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Monday, April 19, 2010

I told you so... (Ubaldo Jimenez)

In what I hope will be an ongoing series of nasty, sophomoric posts, I'd like to congratulate myself for jumping on the Ubaldo Jimenez bandwagon a long, long time ago.

It's not like I was the one and only, but we Ubaldophiliacs were few and proud in the early stages of his career, as he struggled with his control and the misfortune of pitching in the Mile-High City.

Ubaldo numbered among my top sleepers heading into last season and in May of '09 I enjoined readers to "pick him up pronto" following a trio of quality starts which I cited as "evidence that Ubaldo's moving toward consistent control of his arsenal" and claimed "he has a much, much higher ceiling than Wandy Rodriguez, and possibly as high and Zack Greinke."

From that point forward, including his first three starts in 2010, Ubaldo has gone 15-8 with a 2.98 ERA, a 1.17 WHIP, and 8.32 K/9.

The fact that he surrendered six walks during his no-hitter has prompted some ignorant pundits (a.k.a. those PTI dimwits) to call his performance "flukish."  That's patently ridiculous, on a couple levels.  First off, baserunners are baserunners.  A 1.17 WHIP does not lie.  And, as has been widely reported, Jimenez didn't allow a walk after he went to the stretch full time in the sixth inning, which helped to keep his pitch count reasonable, so that he was still throwing 98 MPH to the last batter of the game.  Jimenez's control problems, which were notable early in his career, have all but vanished at this point.  His BB/9 in 2009 was 3.5, the same as Andy Pettitte's and well within the range of expectation for a guy with his kind of stuff.

Now that I've finished shoulder-slapping, the question is, have we seen the limits of Ubaldo's upside?  Jim Tracy is convinced that he'll be on hand for another Jimenez no-hitter before his tenure with the Rockies is over.  (Tracy is signed through 2012 and Colorado controls Jimenez until 2014.)  A couple months ago I rated him among the "21st-Century Cys," pitchers who I believe, on the model of Greinke and Cliff Lee, could unexpectedly surge to the front of their profession in 2010.  Is there a catch?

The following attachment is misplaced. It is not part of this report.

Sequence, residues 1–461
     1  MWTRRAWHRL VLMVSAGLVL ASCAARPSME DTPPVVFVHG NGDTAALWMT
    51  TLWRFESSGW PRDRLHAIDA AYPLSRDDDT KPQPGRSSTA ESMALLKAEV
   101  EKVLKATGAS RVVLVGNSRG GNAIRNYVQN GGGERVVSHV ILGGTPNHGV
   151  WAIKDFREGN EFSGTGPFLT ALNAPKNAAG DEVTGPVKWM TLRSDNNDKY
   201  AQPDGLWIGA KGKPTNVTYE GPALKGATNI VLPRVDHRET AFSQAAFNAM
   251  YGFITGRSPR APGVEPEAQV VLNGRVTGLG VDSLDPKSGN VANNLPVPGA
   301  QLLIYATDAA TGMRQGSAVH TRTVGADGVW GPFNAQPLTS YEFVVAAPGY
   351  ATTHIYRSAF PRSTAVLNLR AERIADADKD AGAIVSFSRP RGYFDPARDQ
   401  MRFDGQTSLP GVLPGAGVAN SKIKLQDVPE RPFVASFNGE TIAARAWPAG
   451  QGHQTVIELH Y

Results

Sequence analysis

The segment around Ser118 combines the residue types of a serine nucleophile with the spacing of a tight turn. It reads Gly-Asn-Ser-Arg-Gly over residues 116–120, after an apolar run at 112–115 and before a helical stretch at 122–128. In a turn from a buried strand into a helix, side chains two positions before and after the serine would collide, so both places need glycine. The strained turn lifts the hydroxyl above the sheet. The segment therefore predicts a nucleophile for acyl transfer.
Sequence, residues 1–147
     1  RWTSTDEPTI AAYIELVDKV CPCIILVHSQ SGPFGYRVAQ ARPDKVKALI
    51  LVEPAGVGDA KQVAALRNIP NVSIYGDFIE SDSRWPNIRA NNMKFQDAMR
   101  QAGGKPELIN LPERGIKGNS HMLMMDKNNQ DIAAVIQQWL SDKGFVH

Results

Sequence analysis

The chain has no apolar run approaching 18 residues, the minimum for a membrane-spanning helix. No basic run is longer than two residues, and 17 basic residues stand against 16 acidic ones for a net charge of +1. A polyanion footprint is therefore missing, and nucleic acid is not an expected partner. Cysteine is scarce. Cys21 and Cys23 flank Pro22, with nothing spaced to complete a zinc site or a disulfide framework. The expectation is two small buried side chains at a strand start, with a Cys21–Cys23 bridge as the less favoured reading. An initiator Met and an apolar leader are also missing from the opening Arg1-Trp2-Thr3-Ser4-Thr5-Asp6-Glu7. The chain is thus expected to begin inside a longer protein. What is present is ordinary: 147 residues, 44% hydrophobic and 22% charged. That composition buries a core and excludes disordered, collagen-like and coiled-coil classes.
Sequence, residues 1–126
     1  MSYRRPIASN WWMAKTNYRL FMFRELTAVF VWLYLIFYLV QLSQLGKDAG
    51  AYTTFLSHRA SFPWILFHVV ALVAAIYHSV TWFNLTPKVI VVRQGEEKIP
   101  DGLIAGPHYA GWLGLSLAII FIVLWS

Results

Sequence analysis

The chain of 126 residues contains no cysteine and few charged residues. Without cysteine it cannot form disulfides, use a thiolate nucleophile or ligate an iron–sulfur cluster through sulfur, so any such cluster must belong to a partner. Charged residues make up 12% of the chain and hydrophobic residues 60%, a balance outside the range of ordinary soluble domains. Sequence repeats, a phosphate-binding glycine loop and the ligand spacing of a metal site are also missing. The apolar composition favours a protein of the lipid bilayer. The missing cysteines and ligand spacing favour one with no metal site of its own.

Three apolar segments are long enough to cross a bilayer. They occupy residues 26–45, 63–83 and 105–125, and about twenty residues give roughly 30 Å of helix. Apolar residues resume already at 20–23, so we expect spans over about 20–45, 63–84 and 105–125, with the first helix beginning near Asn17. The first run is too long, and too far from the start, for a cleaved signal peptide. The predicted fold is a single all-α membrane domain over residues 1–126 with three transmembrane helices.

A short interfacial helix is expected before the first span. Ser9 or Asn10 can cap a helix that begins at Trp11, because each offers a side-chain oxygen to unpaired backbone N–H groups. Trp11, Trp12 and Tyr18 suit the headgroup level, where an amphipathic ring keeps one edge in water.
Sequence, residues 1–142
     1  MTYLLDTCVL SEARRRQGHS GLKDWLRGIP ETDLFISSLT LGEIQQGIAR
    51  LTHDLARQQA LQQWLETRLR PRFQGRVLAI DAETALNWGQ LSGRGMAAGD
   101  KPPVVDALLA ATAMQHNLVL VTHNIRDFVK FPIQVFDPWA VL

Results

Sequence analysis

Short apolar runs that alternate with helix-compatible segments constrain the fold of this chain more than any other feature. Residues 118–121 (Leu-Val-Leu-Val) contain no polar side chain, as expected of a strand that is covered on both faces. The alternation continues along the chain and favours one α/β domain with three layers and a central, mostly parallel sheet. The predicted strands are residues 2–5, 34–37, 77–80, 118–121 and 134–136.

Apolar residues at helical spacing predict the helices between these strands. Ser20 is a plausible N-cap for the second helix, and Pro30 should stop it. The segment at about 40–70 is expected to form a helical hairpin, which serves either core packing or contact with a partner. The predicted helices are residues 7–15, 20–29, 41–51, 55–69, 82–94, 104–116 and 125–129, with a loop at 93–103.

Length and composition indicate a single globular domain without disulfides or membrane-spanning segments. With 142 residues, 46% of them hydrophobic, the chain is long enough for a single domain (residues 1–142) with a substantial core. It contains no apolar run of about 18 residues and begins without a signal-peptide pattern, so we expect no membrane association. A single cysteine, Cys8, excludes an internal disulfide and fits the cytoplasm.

I don't believe so, but if there is, it could have to do with fatigue.  Ubaldo racked up 230 inning in '09, including the postseason, which was 31 more than he threw in '07 and '08.  That's hardly a Hamels-esque spike and if he was feeling any ill effects from the workload, it likely would've registered this spring (as it did for Hamels and Ervin Santana in '09, and Jair Jurrjens this year).  It is nonetheless something to keep an eye on, especially considering his pitch counts.  During the Clint Hurdle administration, Ubaldo was on a pretty strict 110-pitch limit.  He surpassed that total only six times in his first sixty starts with the Rockies (that 10%, by the way), and never went above 115.  Since Jim Tracy took over, Ubaldo has topped 110 pitches in 59% of his starts, and has thrown upwards of 120 on three occasions, including last week, when he threw a career-high 128 pitches.

Only four pitchers threw more total pitches in 2009.  They were Justin Verlander, Felix Hernandez, Adam Wainwright, and C. C. Sabathia.  What that suggests to me is the class of pitchers that Ubaldo ranks among.  But, one could equally claim that he has not proven his ability to sustain that workload to the extent those other pitchers have.  In 2008, Gil Meche, Edinson Volquez, and Ervin Santana ranked among that class and weren't the same thereafter (indeed, Meche and Volquez have yet to recover).  Jimenez's doubters will need to seem him repeat (and possibly improve upon) his 2009 campaign before they're willing to rate him among the elite starters.

If the National League weren't stacked with high-end pitching talent (Doc Halladay joins perennial Cy candidates Lincecum, Carpenter, and Santana) I might be tempted to more confidently proclaim his candidacy for the trophy.  Nevertheless, I do think he will earn his Cy eventually and certainly will not be among the those "flukish" pitchers like Bud Smith, Jose Jimenez, and Eric Milton who tossed no-hitter and then faded into obscurity.

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